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Man returns as Charles Town Races track announcer

April 30, 1997

By CLYDE FORD

Staff Writer, Charles Town

CHARLES TOWN, W.Va. - Costy Caras looked over the card for the next race before announcing it over the loudspeakers at the Charles Town Races Wednesday afternoon.

"I'm trying to break myself back in gently," Caras, 72, said. "I'm doing things like a first-timer."

For about 30 years, Caras has been the voice of the Charles Town Races as the track announcer.

"I tell you, it beats working for a living," Caras said with a wide smile.

He missed the end of racing last November when a triple bypass operation sidelined him.

The Jamaica, N.Y., native grew up around race tracks.

Caras worked for the Daily Racing Form in New York and then got a job as an assistant announcer. He moved to the Pimlico race track in Maryland, which then owned the Charles Town race track. He moved to Charles Town in 1962, working first in public relations before becoming the announcer.

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He has no plans to retire.

"I retired when I took the job," he said with a laugh. "My days used to be golf in the afternoon and racing at night."

Though he makes it sound easy, Caras actually spends quite a bit of time in preparation between each race.

He announces the horses to the fans, then shuts off the mike and goes over the names aloud, repeating them so that as they go around the track he can tell the crowd the positions.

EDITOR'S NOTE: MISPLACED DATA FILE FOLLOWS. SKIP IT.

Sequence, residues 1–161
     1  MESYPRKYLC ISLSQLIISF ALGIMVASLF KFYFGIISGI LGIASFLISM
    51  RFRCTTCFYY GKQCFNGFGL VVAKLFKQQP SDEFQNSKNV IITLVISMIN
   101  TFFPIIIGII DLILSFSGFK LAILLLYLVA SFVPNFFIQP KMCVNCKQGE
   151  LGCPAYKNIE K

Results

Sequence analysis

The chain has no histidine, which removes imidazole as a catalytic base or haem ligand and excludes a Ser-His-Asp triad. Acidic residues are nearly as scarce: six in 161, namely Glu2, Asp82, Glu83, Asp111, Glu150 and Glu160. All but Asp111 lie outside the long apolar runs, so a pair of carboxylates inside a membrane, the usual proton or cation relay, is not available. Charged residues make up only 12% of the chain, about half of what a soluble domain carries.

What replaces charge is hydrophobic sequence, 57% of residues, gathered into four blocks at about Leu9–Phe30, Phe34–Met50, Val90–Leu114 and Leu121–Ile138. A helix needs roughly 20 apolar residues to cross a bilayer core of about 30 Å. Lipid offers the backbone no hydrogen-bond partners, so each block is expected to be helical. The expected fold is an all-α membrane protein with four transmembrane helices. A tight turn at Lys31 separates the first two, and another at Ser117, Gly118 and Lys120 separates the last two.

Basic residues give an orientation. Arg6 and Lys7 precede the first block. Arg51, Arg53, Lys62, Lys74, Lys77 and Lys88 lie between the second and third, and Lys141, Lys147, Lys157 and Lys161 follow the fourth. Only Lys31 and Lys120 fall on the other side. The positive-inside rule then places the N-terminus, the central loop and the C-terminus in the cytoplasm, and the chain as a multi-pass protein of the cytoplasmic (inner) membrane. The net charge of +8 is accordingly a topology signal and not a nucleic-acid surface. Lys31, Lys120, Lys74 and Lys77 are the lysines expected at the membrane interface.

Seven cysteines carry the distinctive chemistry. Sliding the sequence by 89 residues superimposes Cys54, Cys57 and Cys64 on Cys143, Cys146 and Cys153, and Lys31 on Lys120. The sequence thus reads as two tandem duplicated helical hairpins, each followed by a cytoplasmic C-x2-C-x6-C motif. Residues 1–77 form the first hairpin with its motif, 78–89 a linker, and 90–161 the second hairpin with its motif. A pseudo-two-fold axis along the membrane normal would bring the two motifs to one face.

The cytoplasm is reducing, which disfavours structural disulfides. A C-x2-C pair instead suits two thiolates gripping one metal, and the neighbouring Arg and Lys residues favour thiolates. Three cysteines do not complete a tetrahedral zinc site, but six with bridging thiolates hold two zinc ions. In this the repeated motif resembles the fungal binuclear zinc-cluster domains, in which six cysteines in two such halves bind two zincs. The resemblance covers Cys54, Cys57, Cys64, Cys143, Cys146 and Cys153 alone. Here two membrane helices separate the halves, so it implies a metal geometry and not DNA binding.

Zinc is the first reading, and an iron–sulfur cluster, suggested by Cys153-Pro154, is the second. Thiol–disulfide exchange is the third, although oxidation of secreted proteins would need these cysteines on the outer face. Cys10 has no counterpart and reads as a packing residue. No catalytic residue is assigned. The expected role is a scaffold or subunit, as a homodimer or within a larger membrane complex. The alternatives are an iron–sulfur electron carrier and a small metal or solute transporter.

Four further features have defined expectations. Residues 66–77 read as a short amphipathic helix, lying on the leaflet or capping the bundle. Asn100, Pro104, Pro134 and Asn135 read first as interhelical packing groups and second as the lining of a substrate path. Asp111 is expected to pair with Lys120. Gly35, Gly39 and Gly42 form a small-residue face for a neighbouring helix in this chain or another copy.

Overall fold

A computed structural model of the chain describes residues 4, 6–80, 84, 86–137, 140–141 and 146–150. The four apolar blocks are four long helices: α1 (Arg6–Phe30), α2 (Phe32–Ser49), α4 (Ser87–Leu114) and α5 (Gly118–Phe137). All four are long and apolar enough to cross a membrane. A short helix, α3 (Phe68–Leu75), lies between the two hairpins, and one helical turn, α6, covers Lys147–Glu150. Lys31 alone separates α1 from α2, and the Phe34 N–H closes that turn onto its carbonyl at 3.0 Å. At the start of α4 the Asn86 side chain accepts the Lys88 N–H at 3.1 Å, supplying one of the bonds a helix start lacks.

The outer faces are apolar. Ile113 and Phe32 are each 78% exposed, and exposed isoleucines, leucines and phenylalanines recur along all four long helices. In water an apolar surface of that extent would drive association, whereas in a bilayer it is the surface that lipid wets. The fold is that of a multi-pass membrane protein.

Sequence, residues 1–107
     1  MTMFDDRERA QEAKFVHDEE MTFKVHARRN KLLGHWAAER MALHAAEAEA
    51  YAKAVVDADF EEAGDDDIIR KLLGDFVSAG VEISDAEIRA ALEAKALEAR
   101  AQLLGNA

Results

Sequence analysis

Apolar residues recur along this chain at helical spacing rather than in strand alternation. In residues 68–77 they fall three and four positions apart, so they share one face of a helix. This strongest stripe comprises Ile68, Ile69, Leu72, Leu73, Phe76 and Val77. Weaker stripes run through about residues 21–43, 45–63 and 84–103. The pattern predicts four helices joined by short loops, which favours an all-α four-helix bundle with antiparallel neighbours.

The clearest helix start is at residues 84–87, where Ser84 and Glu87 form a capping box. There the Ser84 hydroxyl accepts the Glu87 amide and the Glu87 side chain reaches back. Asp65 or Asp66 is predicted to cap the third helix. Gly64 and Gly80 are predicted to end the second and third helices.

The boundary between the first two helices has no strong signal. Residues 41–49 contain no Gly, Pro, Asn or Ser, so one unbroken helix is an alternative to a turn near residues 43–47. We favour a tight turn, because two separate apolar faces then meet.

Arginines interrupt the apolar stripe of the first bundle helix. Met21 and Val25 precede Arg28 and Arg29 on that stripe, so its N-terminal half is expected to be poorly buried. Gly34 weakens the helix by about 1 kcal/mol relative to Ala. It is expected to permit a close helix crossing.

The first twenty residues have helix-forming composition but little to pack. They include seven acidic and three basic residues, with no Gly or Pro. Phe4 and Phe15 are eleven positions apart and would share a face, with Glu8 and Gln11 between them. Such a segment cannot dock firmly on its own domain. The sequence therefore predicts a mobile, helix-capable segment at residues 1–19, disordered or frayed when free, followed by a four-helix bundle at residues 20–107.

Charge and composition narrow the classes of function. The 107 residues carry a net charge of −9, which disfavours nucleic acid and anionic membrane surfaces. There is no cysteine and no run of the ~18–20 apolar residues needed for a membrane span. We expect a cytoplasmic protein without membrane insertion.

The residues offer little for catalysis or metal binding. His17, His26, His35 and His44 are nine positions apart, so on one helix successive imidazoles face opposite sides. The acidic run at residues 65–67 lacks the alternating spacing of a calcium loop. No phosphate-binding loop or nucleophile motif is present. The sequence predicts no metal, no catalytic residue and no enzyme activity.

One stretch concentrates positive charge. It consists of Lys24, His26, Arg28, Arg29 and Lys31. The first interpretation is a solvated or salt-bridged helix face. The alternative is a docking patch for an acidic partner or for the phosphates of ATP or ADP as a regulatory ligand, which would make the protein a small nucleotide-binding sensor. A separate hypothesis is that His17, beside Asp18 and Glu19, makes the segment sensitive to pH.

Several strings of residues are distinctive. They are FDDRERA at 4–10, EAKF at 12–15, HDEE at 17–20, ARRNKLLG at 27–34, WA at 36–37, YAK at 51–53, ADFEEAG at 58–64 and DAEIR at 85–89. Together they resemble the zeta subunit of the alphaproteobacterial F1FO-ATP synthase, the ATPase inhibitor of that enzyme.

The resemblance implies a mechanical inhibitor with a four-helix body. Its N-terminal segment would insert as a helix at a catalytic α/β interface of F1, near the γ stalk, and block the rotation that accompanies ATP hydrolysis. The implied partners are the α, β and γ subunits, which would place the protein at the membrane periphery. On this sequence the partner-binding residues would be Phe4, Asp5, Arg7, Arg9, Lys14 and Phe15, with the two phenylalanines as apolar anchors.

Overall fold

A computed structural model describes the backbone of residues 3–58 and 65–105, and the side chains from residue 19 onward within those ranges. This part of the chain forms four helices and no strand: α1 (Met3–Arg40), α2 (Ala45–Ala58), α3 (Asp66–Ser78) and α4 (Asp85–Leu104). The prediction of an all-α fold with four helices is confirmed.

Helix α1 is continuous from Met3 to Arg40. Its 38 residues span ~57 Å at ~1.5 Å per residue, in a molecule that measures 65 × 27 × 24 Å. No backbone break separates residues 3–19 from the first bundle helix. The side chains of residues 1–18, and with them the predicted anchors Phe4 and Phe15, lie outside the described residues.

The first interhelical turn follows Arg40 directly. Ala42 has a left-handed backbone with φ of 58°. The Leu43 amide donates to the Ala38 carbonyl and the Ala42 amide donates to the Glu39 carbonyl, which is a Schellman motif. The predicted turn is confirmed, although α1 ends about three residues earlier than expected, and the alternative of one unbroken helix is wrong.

Like the rest of the track, his small office is undergoing renovations. The counter where he kept his paperwork has been temporarily replaced by a small cocktail table from the dining room.

On top of it among the racing cards is a small, faded photograph of his wife.

As the race nears, he hums softly to himself, then turns on the mike. "The horses are at the starting gate," he says.

There's a pause and he goes over the names again. "It is now post time," he says.

His voice changes as the race begins and he accentuates his words for the crowd.

"And they're off," he says. He calls out the lead changes, watching the race through a pair of field glasses.

Caras calls out the names of the horses, describing the lead changes in a tight race until the horses sprint across the finish line.

It sounds smoothly done, but he critiques himself, saying he's still "rusty."

He can't remember the oddest horse name he's ever had to call. On Wednesday, there were horses with names like "Mystic Gate," "Hard Shell Crab" and "Midnight Blizzard."

"There's been some tongue twisters over the years. Sometimes I think the owners do that to annoy the track announcers," he said laughing.

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